COVID-19 is not the first global event to disrupt supply chains and it certainly won’t be the last. Just as building owners prepare for a coming hurricane, managers should prepare their supply chains to weather disruptions. Many experts advise that re-shoring supply chains to the United States is one way to minimize risk and increase stability in the face of uncertainty.
Who Leads The Way To Re-Shoring Supply Chains?
I’ve worked for decades in the automotive OE, aftermarket, heavy-duty, and industrial markets, and I’ve witnessed many automotive manufacturers undergo initiatives to localize their supply chains. BMW and Toyota come to mind in particular. In general, large manufacturers like these have led the way and many of their suppliers have followed them.
For manufacturers that are just considering bringing their supply chains back onshore in the U.S, here are some things to consider.
Offshore Supply Chains & Total Cost of Ownership
Laut dem Re-shoring Initiative, 60% of manufacturers ignore 20% or more of the total cost of off-shored products.
From what we have seen so far of the 2020 pandemic and its aftershocks, supply chains that were built primarily on low cost, single source, and low inventory were the least equipped to deal with massive disruptions.
Cost-myopia is the pre-COVID-19 model and manufacturers need to start their strategies for Post-COVID resiliency by thinking about Total Cost of Ownership.
My customers have heard me say that a lower piece price doesn’t do you any good if you can’t get the parts.
And, if you do find yourself in this position, you’ll spend extra money on safety stock, shipping, and logistics to fix the problem.
In terms of this ongoing crisis, the most resilient supply chains are the ones with a dual sourcing strategy that helps them source from multiple regions. But what about bringing it 100% onshore? What can you expect?
5 Benefits of an Onshore Supply Chain
In addition to lower TCO and providing better support for your own production and customers, an onshore supply chain can deliver these key benefits:
1. Better Reaction Time
Anytime there’s a change in requirements, local suppliers can adjust faster because of reduced logistics/shipping time. Reaction time is also important right now because as demand changes, a domestic supplier can scale up or down more quickly.
2. Lower Lead Times & Speed To Market
Manufacturers are constantly requiring lower lead times and a domestic supply chain can meet those demands thanks to fewer logistics and shipping issues. Domestic partners are more agile to respond when transportation from the manufacturing site to point of use only includes roads.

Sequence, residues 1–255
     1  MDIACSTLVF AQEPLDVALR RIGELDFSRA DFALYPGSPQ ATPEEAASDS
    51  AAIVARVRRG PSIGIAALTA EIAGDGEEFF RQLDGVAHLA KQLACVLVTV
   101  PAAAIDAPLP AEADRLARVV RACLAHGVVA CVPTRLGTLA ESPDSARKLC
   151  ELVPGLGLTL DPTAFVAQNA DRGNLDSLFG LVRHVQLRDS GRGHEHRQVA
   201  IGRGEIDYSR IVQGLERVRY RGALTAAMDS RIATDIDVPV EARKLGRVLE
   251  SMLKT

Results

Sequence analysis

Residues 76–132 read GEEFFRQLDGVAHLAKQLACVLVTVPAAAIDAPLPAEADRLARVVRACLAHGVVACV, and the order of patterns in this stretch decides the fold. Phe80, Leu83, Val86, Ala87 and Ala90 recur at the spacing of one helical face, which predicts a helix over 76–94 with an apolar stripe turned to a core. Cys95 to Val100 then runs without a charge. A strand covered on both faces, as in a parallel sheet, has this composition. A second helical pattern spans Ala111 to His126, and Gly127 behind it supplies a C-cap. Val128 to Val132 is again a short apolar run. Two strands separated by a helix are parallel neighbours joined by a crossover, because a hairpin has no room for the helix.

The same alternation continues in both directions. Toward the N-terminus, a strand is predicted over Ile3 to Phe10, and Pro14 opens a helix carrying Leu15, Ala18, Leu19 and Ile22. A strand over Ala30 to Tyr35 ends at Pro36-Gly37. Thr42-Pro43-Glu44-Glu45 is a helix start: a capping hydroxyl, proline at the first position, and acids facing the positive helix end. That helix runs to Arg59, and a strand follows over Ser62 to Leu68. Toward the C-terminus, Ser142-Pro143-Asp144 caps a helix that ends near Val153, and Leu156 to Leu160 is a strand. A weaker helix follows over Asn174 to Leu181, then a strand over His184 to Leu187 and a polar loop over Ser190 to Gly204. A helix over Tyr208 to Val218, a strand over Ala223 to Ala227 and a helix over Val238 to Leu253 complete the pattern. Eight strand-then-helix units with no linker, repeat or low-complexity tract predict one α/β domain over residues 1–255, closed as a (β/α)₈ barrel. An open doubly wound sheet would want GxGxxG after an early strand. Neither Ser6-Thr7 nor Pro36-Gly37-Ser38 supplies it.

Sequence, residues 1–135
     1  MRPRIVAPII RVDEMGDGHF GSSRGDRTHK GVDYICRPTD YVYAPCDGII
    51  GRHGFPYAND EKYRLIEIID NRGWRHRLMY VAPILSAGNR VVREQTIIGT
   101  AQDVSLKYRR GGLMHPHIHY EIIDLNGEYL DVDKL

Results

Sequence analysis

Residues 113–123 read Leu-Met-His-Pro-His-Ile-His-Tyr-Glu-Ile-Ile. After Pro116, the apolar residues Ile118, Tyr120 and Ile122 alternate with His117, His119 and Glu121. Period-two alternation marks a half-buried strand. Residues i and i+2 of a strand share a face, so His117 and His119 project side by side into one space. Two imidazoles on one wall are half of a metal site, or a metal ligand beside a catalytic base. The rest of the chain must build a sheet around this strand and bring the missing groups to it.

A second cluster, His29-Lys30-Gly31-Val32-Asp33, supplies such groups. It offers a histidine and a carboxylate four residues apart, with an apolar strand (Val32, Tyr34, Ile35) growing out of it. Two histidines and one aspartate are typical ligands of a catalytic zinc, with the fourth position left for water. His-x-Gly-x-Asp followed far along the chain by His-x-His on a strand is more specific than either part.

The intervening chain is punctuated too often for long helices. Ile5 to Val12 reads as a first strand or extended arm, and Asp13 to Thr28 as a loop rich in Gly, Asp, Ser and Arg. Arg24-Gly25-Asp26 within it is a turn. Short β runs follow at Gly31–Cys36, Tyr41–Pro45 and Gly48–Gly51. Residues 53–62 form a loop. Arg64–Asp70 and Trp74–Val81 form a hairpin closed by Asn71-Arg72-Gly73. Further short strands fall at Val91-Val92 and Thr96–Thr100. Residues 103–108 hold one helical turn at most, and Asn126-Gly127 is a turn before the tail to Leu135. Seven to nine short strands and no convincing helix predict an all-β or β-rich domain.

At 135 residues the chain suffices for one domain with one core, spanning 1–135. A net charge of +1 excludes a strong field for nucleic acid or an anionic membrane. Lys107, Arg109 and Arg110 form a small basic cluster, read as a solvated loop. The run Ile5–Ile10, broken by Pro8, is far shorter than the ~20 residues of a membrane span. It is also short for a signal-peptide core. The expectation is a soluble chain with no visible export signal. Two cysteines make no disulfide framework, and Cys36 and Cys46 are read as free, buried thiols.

3. Less vulnerability to Global Events
Domestic manufacturing partners offer greater stability when disruptive events happen overseas. Here, in the U.S. we have more stability when it comes to raw materials, energy pricing, and other disruptive circumstances. Facts and news also are easier to obtain, when domestic disruptions occur too.
4. High Quality Due to Higher Transparency
Sourcing parts domestically means you can stop by a factory and see your parts on the line. You’ll have more control by being able to visit the supplier and ensure that their quality and processes meet requirements – versus when you’re making assumptions through an audit process with an overseas supplier.
5. Value Engineering Support
Working with a local partner can mean that you get help at the front-end of your project, which can reduce TCO. In my experience, when you can sit face-to-face and walk through a design application and engineer costs out–that’s a huge advantage. There is also an advantage at the engineering stage in that there is no language barrier or technical misunderstandings with a domestic supply chain partner.
Steps To Re-Shoring Your Supply Chain
Re-shoring is a huge initiative. I guide our customers to follow these few first steps:
First, look at your supply chain strategy and determine how much risk is associated with it. Take a high-level view and then look at certain parts in particular that are higher risk and start with that one part. Supplier by supplier and part by part will speed it up a little bit.
Next, start defining which parts would fit the domestic supply base. Moving specific parts first is a manageable way to begin re-shoring.
This is a critical step – start digging into TCO of sourcing products overseas and try to uncover your hidden costs on the offshore side.
Get strategic help from a trusted supply chain partner who has experience supporting customers with re-shoring initiatives.
While there is a bit of an investment in time and money to bring your supply chain onshore, it’s an investment to ensure peace of mind that you ‘re able to get the parts when you need them.
We’re always ready to support our customers with solutions to improve the stability and security of their supply chains through fastener sourcing, world-class manufacturing, engineering services, customized VMI programs, and much more. Contact us for help.